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Transaural Audio - The reproduction of binaural signals over loudspeakers

Authors Kaiser, F.
Year 2011
Thesis Type Audio Engineering project
Topic Spatial Audio
Abstract Binaural audio is a technique to create an aural perception of a three-dimensional sound field for a dedicated listener. The foundation is the knowledge that the ears of a human function as spatial filters. The idea is to reproduce the exact same sound pressure levels at the entrance of the ear canals, which would be prevalent in a real acoustic scene. As a consequence the real perception cannot be distinguished from the virtual one. The challenge is on the one hand the correct measurement or synthesis of the sound pressure at the two ears and on the other hand the correct reproduction of these. Here we regard only the reproduction problem. The use of headphones for reproduction is self evident. However, loudspeakers can be used as well. As the signal reproduced by one loudspeaker arrives at both ears (crosstalk) the question is how to get a signal into one ear only. The idea is to use crosstalk cancellation (CTC) before playback. This project was dedicated to the implementation of known algorithms for CTC for two loudspeakers. The general condition of the problem of CTC for different loudspeaker spacings was investigated and further the performance of different algorithms in different setups was objectively evaluated. Finally, a preliminary listening test was undertaken in order to evaluate the performance of diverse loud- speaker spacings.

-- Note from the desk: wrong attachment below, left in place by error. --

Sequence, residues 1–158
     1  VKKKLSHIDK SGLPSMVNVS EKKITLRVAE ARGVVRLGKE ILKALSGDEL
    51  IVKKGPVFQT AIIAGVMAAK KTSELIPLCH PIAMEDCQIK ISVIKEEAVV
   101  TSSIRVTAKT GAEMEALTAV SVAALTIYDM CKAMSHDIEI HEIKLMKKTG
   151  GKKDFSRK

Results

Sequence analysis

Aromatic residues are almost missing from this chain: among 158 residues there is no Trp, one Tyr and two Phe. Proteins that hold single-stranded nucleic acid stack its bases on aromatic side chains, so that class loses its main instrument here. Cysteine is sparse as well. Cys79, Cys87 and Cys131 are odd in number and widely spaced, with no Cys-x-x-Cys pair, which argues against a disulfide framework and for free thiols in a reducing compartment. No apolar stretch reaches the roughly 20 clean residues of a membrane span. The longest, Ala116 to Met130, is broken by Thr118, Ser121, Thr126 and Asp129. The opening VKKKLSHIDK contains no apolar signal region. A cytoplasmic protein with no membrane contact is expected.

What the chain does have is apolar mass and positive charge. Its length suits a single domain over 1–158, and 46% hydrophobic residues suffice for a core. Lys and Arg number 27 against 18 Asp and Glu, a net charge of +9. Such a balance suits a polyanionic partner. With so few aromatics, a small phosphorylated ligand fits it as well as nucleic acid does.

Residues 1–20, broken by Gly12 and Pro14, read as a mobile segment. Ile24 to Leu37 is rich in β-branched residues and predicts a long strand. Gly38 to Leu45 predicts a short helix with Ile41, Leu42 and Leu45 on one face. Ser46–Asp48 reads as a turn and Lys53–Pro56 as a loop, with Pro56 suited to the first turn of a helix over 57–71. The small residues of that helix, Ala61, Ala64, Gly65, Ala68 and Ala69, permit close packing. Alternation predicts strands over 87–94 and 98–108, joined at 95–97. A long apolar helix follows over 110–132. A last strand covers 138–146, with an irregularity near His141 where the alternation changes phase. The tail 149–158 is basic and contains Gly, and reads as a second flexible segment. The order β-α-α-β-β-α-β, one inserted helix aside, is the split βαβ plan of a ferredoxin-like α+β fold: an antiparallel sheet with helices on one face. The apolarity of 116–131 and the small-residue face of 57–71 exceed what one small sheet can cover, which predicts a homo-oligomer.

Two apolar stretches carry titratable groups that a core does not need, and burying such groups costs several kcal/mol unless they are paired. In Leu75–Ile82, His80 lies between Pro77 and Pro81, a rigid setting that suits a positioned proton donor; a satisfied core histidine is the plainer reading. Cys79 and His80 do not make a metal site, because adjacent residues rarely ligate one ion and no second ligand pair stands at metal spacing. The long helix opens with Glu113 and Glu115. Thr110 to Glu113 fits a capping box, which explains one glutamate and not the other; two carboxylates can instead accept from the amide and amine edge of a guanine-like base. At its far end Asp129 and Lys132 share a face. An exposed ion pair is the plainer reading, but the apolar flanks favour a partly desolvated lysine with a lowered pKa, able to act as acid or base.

Supervisors Noisternig, M., Warusfel, O., Carpantier, T.